Give and take continues as NHLPA doesn’t disclaim interest 01.03.13 at 11:49 am ET
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The NHL Players’ Association did not file a disclaimer of interest Wednesday night, which was its self-imposed deadline to do so. Had they disclaimed interest, the players would no longer be represented by the union and would be able to file individual lawsuits against the owners deeming the lockout illegal.

The union still has the option to do so, but the sides met late into the night — past midnight, which was the deadline — on Wednesday and early Thursday as progress continued to be made toward a new collective bargaining agreement. According to Sporstnet’s Michael Grange, the NHL has moved on their stance regarding compliance buyouts, as owners have agreed for each team to have two prior to the 2013-14 season. Last Thursday’s proposal was the first to include compliance buyouts at all on the owners’ side.

Among the remaining issues is the salary cap for the 2013-14 season, as the league wants it to be set at $60 million, while the players want it to be $65 million.

NHL Power Rankings: Remembering which teams are good 01.02.13 at 11:59 am ET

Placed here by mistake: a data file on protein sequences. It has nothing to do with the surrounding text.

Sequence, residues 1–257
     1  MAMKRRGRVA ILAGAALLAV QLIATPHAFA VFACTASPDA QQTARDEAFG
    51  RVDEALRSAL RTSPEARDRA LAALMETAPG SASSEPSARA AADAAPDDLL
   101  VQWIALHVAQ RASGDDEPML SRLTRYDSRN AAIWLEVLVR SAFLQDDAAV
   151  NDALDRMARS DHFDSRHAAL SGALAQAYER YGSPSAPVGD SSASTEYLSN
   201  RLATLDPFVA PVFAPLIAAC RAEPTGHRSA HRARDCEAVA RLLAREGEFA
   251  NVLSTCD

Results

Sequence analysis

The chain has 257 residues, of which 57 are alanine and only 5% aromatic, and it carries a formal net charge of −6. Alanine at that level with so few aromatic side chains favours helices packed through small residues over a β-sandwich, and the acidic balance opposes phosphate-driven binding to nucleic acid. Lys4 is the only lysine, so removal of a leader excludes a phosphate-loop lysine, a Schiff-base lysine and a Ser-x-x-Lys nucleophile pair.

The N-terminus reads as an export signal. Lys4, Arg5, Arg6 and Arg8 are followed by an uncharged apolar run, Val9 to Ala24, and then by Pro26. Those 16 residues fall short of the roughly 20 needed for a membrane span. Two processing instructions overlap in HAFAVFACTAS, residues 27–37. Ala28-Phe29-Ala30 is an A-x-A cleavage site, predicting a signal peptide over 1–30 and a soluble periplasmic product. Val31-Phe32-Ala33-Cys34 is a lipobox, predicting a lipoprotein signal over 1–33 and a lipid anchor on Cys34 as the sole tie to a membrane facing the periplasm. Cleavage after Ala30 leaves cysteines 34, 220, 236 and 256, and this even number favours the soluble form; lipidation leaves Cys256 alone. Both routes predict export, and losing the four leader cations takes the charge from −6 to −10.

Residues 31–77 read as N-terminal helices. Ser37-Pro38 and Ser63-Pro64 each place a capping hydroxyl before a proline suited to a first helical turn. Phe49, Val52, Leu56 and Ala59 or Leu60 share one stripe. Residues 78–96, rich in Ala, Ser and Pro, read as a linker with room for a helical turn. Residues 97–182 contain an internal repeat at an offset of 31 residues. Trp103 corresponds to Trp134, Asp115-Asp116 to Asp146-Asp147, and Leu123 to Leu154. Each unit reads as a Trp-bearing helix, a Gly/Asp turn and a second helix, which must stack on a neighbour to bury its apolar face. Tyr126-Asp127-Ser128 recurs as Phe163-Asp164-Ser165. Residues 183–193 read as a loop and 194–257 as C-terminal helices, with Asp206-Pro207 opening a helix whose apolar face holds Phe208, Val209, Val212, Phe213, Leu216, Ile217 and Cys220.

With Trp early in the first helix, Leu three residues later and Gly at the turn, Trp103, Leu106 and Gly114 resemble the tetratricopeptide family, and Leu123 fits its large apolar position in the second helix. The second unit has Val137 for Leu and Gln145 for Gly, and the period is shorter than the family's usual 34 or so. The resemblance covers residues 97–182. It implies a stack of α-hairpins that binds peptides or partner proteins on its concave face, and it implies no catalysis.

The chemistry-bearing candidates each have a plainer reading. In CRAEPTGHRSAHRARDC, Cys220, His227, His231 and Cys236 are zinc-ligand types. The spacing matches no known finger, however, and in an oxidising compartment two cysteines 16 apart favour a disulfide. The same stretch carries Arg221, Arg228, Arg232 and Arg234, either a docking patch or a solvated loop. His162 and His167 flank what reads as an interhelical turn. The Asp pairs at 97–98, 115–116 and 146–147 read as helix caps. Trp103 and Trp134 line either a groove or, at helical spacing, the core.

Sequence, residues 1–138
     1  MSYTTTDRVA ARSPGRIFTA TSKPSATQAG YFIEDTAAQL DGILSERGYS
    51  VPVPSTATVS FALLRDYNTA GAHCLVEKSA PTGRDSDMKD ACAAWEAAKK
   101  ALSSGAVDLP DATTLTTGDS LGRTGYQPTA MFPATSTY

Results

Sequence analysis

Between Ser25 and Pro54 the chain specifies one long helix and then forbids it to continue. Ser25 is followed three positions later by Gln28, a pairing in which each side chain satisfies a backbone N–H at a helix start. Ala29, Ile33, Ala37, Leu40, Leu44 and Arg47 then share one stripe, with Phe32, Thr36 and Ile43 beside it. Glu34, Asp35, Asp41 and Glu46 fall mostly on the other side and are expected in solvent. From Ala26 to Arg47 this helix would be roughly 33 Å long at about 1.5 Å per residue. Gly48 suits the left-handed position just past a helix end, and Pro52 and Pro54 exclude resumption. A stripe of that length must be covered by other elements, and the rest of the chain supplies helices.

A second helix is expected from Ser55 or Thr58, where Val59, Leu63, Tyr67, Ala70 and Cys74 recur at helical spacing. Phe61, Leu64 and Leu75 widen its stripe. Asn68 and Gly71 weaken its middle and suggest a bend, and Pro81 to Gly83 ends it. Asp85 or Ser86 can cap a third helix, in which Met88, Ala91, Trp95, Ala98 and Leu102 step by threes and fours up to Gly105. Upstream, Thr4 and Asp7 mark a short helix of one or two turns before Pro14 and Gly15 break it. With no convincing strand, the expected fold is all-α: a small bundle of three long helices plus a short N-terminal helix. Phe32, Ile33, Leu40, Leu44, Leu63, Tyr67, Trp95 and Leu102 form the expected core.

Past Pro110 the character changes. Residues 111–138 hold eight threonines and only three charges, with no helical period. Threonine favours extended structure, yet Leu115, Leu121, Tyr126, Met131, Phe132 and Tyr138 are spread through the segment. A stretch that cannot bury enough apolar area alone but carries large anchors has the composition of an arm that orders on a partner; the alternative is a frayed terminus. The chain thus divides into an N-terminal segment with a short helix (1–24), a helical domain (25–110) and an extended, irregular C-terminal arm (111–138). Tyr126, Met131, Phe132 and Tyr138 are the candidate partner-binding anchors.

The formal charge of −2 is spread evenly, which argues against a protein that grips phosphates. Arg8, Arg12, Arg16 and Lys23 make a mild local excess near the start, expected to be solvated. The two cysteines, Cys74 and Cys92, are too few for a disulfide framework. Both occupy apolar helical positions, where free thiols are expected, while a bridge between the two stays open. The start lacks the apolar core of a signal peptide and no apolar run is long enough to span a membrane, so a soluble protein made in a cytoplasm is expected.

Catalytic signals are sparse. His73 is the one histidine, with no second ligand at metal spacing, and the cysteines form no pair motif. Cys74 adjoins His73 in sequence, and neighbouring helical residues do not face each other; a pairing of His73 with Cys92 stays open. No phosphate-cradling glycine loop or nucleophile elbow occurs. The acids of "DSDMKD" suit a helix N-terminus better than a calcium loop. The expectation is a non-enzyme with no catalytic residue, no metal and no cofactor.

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With hockey back, we present WEEI.com’s Power Rankings …
1. Rangers — They were two wins away from the Stanley Cup finals before they added Rick Nash, and it wasn’€™t like they were offensively starved anyway (11th in the league in goals last season). Then there’€™s the defense and that Henrik Lundqvist guy.

2. PenguinsMarc-Andre Fleury had some disappointing performances as Pitttsburgh was eliminated by the Flyers in the first round, but with Evgeni Malkin coming off a Hart-winning season and Sidney Crosby hopefully healthy the whole way, the Penguins should be able to challenge the Rangers for the top spot in the Atlantic Division.

3. Bruins — They won’€™t be able to learn whether Tuukka Rask can be the No. 1 guy for a full season because of the whole ‘€œfull season’€ thing. Will he top his 39 starts from three seasons ago? Probably not.

4. Kings — Offense is the question, but it’€™s hard to nitpick when it comes to the defending Cup champions. Jonathan Quick won the Conn Smythe, but he also should have gotten more consideration for the Hart trophy after starting 69 games in the regular season.

5. Canucks — Local product Cory Schneider is the No. 1 guy after getting a new deal with an average annual value of $4 million, but there’€™s another goalie with a bigger contract for whom the Canucks need to find a taker.